BMW K1600 Grande Tonnage

The successor to the very able K1300GT, the 1600 ups the specs with a 6 cylinder engine and more of everything else, but is it the right way to go? OK, so we're not proper touring types, but our ideal is a bike which will get you down to the best roads in effortless comfort rain or shine and then be sporty enough to enjoy what they have to offer. Tightening radius bends, heavy braking into downhill hairpins, piling on the throttle exiting those open valley curves ... all stuff the 1300GT is well capable of, even if it does eat front tyres.

For the 1600 it seems BMW have decided we all want more of a motorhome feel. OK, the 6 cylinder engine reads well in the specs, but do we really want such a big lump in a motorcycle? I mean, it weighs over half a Fireblade! This is all very well for cars, each year they get heavier and fatter but BMW can just chuck bigger tyres on, add a load more electronics and keep the performance rising despite the lardiness. Not so with bikes - there's a limit to the size and weight that allows spirited riding.

Talking about electronics, the Beemer has pretty much everything loaded onto it you can get, including the handy satnav unit built into the dash. Easy to read on the move and protected from the elements, it is pretty much essential wear on a touring bike. The satnav is Garmin based rather than Tomtom.

There is copious knobistry evident on the bike, allowing you to adjust pretty much anything as you waft along. BMW have been rather clever in arranging all the buttons logically.

Unfortunately there is no knob for Less Weight.

But you do get adjustable suspension, from soggy Comfort through useful Normal to the slightly less comfy Sport. On the battered roads of England Normal felt a bit vague at the back end at times so we left it on Sport, which seemed to work fine but doesn't impart much actual feel as to what is going on underneath you. This seems to be a feature of the swinging arm front end and the shaft drive as all the K bikes feel the same ... or rather don't feel, if you get my drift.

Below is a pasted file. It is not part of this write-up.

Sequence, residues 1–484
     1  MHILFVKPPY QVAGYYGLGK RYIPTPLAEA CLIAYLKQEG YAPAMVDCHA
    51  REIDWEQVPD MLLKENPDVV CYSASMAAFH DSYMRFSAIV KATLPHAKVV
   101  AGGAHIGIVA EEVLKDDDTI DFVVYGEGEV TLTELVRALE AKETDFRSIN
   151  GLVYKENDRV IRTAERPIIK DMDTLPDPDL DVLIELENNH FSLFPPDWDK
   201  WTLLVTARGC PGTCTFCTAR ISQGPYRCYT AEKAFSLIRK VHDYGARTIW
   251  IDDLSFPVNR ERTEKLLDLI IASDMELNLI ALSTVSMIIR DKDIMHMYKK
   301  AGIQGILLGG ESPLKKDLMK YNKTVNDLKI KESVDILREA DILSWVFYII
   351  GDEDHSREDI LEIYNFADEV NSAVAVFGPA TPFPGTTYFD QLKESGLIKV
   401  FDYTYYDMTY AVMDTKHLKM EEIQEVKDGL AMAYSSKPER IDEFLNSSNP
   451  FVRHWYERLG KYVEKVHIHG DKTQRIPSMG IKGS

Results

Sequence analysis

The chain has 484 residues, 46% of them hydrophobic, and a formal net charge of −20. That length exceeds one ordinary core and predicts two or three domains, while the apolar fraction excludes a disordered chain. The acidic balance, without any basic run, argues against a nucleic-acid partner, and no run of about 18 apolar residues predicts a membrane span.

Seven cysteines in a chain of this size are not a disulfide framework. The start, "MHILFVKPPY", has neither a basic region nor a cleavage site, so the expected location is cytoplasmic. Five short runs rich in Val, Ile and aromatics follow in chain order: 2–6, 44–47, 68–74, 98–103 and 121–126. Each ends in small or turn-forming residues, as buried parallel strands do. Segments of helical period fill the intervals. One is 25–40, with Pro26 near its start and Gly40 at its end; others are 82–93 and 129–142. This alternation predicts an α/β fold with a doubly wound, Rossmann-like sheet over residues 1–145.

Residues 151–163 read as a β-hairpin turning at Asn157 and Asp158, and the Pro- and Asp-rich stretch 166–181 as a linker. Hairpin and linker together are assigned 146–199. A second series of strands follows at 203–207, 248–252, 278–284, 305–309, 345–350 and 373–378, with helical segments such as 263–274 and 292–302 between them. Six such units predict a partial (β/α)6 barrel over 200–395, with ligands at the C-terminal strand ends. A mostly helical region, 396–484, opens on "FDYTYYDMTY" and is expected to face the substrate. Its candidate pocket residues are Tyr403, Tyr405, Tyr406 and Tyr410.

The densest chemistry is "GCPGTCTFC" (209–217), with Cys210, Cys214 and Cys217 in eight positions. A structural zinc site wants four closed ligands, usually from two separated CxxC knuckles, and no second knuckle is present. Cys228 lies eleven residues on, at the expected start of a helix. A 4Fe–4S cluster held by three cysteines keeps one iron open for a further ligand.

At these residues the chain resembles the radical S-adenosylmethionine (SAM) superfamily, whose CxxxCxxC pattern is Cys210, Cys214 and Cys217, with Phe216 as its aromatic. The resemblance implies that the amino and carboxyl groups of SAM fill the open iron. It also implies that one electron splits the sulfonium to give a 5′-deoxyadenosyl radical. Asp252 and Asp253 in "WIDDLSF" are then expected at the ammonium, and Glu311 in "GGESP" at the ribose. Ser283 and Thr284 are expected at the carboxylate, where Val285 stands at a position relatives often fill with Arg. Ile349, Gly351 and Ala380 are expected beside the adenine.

More adjustment for the throttle response, Rain, Road and Dynamic. The first two felt a bit soft and woolly so we left it on Dynamic, which gives a much more direct link between hand and throttles and makes the fly by wire feel about as much like a cable one as you're gonna get. There was a complicated radio setup on the bike but we didn't try it, seems a bit antisocial really. And how loud must it have to be the penetrate earplugs and a decent helmet? We did twiddle the electronic windscreen up and down, which varied the amount of buffeting but didn't actually stop it.

Most of the electronic adjustments are displayed on the dashboard, a spacey confection of digi 21st century readouts and friendly old analogue clocks. Shame the friendly old analogue speedo is so hard to read for ageing eyes, digital would be much more useful.

And that's enough about all the electronics, there's a danger of forgetting the actual bike whilst wittering on about computers.

So what about the engine? Well, I'm sure it's very good and all that, but it's having to haul along 350 kilos of plastic and esoteric alloys and it shows. Performance is best described as 'adequate'. If you rev the nuts off it you can get some reasonable forward motion but then you should go and buy a Gixer. This machine is for stately progress across continents, the fuelling is glitch-free and the vibrations are minimal for a shaftie. One does sometimes wish for a little more low down grunt, you do need to drop a couple of gears for quick overtakes, non of that rolling on in top nonsense. But this bike is all about Stately so you'll just have to bide your time pondering your tyre pressures, suspension bouncyness and throttle elasticity while the power slowly chimes in and the overtake can commence. To be fair, it's partly down to the smoothness of the engine lulling you down to very low revs from which no bike engine can really find any go.

One odd quirk, it's really easy to stall when pulling gently away - there doesn't seem to be much flywheel mass going on in there.

Getting the bike working on some decent twisty B roads shows the steering to be pretty good, a little ponderous but it holds its line well. The swingarm Duolever front suspension robs you of feel but does inspire a fair degree of confidence, which will doubtless grow as you get to learn the limits of the front tyre.

There is apparently some form of traction control to prevent rear wheel spin, but you'd have to be giving it a lot of torment to unstick the back end bearing in mind the weight.

Looks-wise the new Beemer is an improvement on the boxy 1300GT and on first acquaintance the rider's saddle is a lot more comfortable

350 kilos is a lot for something with only 2 wheels, and probably two spindly old legs to hold it upright. At a standstill, once it's gone a few degrees off vertical just step away, the elephant is in the room. OK once you start rolling along, but that unwieldy tankful-of-water quality when manoeuvring is a concern.

Fully loaded this bike is knocking out around the £18,000 mark, which is a lot of wonga for any motorbike.

Verdict? They should have updated the 1300 and lost some weight - by going this route they've just added more of everything and the bike is in danger of emulating their cars: kind of missing the point ...

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